• Based on IBM’s Blue Gene/P architecture.
  • Computing capacity: 1 petaflop/second.
  • That equals the computing power of more than 50,000 PCs.
  • 294,912 processor cores.
  • Processor type: 32-bit PowerPC 450 at 850 MHz.
  • 144 terabytes of RAM.
  • Mounted in 72 racks.
  • Network bandwidth: 5.1 gigabyte/second with a 160 nanosecond latency.
  • Power input: 2.2 megawatts.

A look inside the fastest supercomputer in Europe | Royal Pingdom

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TP Tipos de datos y Variables en Python – Dan Schellenberg’s Python Programming Practice

Dan Schellenberg’s Python Programming Practice

Data Types and Variables

Directions:

Complete this worksheet as you read through Chapter 2 of How to Think Like a Computer Scientist: Learning with Python. Use the python shell to help you answer these questions:

Part I

    1. What is the difference between a string and an integer/float?
    2. What makes a float different from an integer?
    3. Given a variable, x, what is the command to get python to print out the type of x?
  1. What is a keyword?
  2. What is a statement? Give 2 examples.
  3. What is an expression? Give 2 examples.
  4. What is the difference between a statement and an expression?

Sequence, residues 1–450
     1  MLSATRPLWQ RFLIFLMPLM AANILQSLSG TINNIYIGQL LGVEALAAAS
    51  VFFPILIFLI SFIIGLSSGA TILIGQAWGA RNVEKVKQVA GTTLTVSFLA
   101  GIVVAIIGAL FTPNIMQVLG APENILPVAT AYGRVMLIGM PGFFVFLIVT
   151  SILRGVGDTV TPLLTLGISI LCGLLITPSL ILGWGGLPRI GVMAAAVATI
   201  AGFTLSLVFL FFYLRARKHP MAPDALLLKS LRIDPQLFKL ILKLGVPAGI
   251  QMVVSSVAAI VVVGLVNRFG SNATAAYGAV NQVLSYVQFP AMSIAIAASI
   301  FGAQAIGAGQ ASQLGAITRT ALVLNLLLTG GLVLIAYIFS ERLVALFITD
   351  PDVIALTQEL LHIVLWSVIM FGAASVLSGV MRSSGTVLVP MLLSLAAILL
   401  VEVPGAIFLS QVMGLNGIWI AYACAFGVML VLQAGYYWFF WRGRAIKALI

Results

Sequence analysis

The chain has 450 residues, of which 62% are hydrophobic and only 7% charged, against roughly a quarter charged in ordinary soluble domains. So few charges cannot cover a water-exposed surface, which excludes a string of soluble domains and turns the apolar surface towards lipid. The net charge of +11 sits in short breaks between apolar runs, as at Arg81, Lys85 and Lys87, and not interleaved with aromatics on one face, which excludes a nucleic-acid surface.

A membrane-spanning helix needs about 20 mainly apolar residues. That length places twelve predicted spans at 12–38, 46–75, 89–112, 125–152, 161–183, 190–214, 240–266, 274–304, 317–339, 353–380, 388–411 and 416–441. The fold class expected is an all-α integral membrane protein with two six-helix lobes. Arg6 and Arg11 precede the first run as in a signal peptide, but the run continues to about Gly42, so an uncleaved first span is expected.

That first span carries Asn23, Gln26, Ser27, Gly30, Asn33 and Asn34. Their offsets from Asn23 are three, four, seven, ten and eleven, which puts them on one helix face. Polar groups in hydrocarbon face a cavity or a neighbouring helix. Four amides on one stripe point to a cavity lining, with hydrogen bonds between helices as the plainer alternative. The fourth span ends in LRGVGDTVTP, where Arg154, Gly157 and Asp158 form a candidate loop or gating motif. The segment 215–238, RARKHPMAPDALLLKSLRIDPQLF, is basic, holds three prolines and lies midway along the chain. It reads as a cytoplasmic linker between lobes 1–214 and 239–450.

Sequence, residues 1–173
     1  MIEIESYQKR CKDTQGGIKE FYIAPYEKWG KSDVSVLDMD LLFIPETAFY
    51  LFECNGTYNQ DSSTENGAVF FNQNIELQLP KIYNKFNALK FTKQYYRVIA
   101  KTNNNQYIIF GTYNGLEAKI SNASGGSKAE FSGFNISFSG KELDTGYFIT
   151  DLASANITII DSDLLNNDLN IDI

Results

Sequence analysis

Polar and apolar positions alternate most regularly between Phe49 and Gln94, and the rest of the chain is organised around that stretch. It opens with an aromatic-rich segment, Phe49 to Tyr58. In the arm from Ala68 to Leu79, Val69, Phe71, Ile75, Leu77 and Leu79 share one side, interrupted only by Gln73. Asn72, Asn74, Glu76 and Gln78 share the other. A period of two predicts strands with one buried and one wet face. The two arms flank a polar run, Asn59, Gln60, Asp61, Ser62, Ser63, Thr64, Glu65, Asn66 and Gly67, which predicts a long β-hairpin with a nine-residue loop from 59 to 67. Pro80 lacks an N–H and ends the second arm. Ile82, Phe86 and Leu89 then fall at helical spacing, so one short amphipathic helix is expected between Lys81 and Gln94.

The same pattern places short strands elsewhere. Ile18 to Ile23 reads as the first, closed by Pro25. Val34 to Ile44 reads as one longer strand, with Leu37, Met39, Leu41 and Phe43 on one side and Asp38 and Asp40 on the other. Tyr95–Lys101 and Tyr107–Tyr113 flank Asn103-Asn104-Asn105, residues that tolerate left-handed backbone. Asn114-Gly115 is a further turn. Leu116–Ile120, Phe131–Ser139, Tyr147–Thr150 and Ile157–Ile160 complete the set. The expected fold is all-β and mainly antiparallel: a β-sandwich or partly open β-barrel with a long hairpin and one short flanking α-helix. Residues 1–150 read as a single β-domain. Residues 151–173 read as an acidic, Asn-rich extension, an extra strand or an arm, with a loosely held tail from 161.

5. The following statement produces no output when not run in the shell.
        3.14 * 6 * 6
        

    Modify it to produce output.

  6. What is an operator?
  7. What problem arises in integer devision?
    • I want to divide 1 by 3 and get a result like: 0.333333333333. What is the exact command to do this?
    • HINT: you must use floats! What do floats have that integers do not have?
  8. Integer division always rounds which way? (up or down)
  9. What is concatenation, and on what type of variables (integers/floats/strings) does it operate on?
  10. Why do we use comments? (what is their purpose)
  11. Enter the following code:
          >>> 1 == 1
    
          >>> "1" == "1"
    
          >>> 1 == "1"
        

    Why is the third line false, while the first 2 lines are true?

Part II

What exactly is a float?

Read:

Try entering the following at the python prompt:

65487513241654687642534657498643214654.0

which will give you:

6.548751324165469e+37

Why do you get this?

Now try entering:

65487513241654687642534657498643214654.0 == 65487513241654687642534657498643214654.0

and

65487513241654687642534657498643214654.0 == 65487513241654687642534657498643214654.0 + 10000

Write down the interpreter’s response in your notes, then complete the following:

  1. Explain the danger when using floating point numbers.
  2. Show how the number 2.0014 is represented using the base β and precision p.
  3. Give and example (pick an x and y > 0) that shows x + y = x, for the x and y that you choose.
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Jeff Elkner’s Python Programming Problems

Math Quiz

Description

The following program runs a math quiz consisting of 10 multiplication problems involving operands between 1 and 10:

from random import randint 

correct = 0

for i in range(10):
    n1 = randint(1, 10)
    n2 = randint(1, 10)
    prod = n1 * n2
    
    ans = input("What's %d times %d? " % (n1, n2))